Category Archives: middle school

Feeling Frosty (not the Snowman)

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Feeling Frosty (not the Snowman)

My cynicism is at code red. Yesterday I hit a new low (or high?) on the cynicism scale. My brother posted a video of a guy saving a drowned puppy and my first thought was, looks staged. It was posted by Unilad if you feel inclined to look for it. I’m not proud of my response, it was honest though. I followed it up with my favorite GIF:

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And the kid who got bullied – Keaton Jones – where to begin? I can’t watch the video. I know what’s on there, I have kids in Middle School. This past October I had serious thoughts of sending my husband out on Halloween dressed as Sponge Bob to beat the crap out of an 8th grader who’s been a jerk to my kid. We didn’t do it, it was just therapeutic visualization. The fact is that kid needs to get his ass kicked. There isn’t a member of the school district faculty who would not agree with that “off the record”. Which leads me to one of my all time favorite movie fight scenes:

 

As for Keaton, now his mother is getting questioned about alleged racist posts and fake fundraising. I’m over here like, “eh, not surprised.” I hope Keaton gets the upper hand at lunch. Middle School is a cesspool of vicious kids, hormones, bad decisions and some poor fashion choices. It always has been.

I also visited one of my favorite blogs yesterday – Redneck Latte Ravings – http://www.rednecklatte.com/

He had a post which included two versions of “Baby It’s Cold Outside”. Check it out –

 

I used to hear this song and think, cute. Now in light of recent headlines and my own personal experiences….I watch the video and I find Ricardo Montalban a bit aggressive and creepy. The funny version featuring Betty Garrett and Red Skeleton doesn’t feel right either.

Image result for meme hands off

 

It’s all just a little too much right now. I need a time out.

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This Will Go Down on Your Permanent Record

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This Will Go Down on Your Permanent Record

I have zero tolerance for zero tolerance policies. They are the policy makers equivalent of the parent driving in 1975 with their head turned sideways with two finger tips of the left hand barely grazing the steering wheel, and the right arm swinging wildly towards the back seat of the car while screaming “I don’t care who started it, I’m going to stop it. Now don’t make me pull over!” Stupid, somewhat dangerous, short-sighted and completely lacking in justice.

A few days ago my son was targeted in PE class (you can’t call it gym anymore, people lose their mind over that). They were playing “touch” football, my son was tackled when the ball wasn’t anywhere near him. This might be considered horseplay if the perpetrator wasn’t a notorious jackass. He put one hand on my kid’s face and the other on his collar bone near his neck. My kid started to push back and cursed at the thug wannabe who started it. Technically my kid could get in trouble for standing up for himself, that’s f*cked.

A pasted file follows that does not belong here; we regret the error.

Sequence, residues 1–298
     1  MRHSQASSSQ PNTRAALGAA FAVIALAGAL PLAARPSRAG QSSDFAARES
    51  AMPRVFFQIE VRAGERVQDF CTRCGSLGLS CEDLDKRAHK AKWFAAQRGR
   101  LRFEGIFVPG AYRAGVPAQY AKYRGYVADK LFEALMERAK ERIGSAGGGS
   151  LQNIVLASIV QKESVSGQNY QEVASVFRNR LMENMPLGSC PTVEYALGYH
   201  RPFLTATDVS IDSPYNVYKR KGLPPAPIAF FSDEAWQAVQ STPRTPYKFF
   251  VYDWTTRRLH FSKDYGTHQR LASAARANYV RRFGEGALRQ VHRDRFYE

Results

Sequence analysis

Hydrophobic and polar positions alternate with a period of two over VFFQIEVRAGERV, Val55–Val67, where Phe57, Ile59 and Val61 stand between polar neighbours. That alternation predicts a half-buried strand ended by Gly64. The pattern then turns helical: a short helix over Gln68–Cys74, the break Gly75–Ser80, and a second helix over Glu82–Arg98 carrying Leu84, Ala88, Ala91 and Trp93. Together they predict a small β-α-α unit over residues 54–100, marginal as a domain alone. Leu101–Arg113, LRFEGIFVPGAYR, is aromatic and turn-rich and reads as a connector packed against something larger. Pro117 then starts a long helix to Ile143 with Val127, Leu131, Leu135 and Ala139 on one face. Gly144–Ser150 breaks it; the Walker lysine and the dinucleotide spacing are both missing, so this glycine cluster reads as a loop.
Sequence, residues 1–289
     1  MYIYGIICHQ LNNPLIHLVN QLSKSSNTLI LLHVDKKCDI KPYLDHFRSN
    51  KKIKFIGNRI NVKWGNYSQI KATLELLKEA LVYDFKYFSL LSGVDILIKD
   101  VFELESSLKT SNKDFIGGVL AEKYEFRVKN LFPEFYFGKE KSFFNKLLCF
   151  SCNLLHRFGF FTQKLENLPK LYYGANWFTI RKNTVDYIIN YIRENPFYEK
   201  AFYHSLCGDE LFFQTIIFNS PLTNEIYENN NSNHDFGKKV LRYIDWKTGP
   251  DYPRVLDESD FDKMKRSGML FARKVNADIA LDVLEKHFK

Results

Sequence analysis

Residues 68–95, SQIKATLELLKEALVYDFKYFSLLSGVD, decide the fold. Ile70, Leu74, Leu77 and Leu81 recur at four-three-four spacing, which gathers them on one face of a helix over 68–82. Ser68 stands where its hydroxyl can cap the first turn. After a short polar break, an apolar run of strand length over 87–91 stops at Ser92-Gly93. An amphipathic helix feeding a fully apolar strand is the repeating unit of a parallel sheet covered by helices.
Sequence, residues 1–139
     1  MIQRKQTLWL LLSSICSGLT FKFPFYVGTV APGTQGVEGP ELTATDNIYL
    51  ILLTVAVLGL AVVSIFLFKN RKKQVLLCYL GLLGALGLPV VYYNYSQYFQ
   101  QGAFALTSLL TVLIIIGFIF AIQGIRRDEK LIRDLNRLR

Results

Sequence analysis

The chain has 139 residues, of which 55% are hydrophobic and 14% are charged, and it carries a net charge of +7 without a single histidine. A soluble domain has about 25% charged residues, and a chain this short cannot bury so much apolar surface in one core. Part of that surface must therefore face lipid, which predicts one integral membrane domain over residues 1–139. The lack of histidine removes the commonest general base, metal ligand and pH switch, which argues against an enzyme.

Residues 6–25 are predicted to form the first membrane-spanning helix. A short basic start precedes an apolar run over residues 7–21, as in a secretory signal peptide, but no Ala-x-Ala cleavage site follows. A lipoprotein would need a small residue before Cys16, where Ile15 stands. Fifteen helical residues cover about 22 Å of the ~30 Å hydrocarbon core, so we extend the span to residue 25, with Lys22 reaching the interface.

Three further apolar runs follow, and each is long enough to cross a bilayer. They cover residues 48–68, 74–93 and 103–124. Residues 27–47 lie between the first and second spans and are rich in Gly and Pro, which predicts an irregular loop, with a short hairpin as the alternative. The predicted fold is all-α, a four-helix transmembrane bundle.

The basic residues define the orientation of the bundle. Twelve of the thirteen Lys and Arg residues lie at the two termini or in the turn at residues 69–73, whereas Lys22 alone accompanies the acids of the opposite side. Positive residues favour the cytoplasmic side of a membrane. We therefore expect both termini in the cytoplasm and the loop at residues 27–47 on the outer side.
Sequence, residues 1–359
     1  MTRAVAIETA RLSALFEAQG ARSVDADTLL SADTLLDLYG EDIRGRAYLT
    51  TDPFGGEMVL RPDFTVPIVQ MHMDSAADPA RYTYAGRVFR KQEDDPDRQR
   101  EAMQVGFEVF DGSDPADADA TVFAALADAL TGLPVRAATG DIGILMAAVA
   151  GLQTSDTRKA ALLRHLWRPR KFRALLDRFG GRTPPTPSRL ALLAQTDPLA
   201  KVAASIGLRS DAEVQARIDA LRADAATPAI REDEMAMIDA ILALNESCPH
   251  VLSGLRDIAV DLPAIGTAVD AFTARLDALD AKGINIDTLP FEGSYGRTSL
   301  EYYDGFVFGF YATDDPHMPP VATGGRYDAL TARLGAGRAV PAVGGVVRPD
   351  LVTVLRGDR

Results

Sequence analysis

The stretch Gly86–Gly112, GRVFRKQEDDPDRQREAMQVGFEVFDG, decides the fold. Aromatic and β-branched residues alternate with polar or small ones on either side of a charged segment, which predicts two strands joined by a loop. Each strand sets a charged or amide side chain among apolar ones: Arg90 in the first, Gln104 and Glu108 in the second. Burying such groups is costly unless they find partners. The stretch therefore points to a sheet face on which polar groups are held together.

My son was lucky. Although no one saw the physical altercation, the PE teacher totally had my son’s back.  He pretended not to hear the curse words my son surely yelled. Why? Because my kid is a good student who has never (not once) been in trouble at school. He’s in 8th grade so that says a lot about his character, luckily the teacher recognized this. The other kid is on the dirty dozen list at school. He’s been a troublemaker since 1st grade everyone knows this kid is trouble, everyone. These are the people that lawyer up when the school tries to rein in their unruly child. So this kid continues to terrorize the good kids and gets the occasional metaphoric slap on the wrist. What he really needs is a punch in the gut and a kick in the ass, metaphorically speaking of course…..my tongue is so far into my cheek right now.

The system is broken. This zero tolerance stuff is ineffective – why – because you need to consider the facts on a case by case basis. I’ve heard horror stories about kids making pretend guns using their index finger as the muzzle and their thumb as the hammer. Kindergartners  have gotten expelled for this, expelled. I’ve heard of middle school girls getting suspended for bringing Midol in to ease cramping. It’s ridiculous the pendulum has swung too far my friends. Time to bring common sense and her brother good judgement back to school. I really miss those two.

This sums it up nicely –

 

 

 

Middle School (pssst….it NEVER ends)

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Middle School (pssst….it NEVER ends)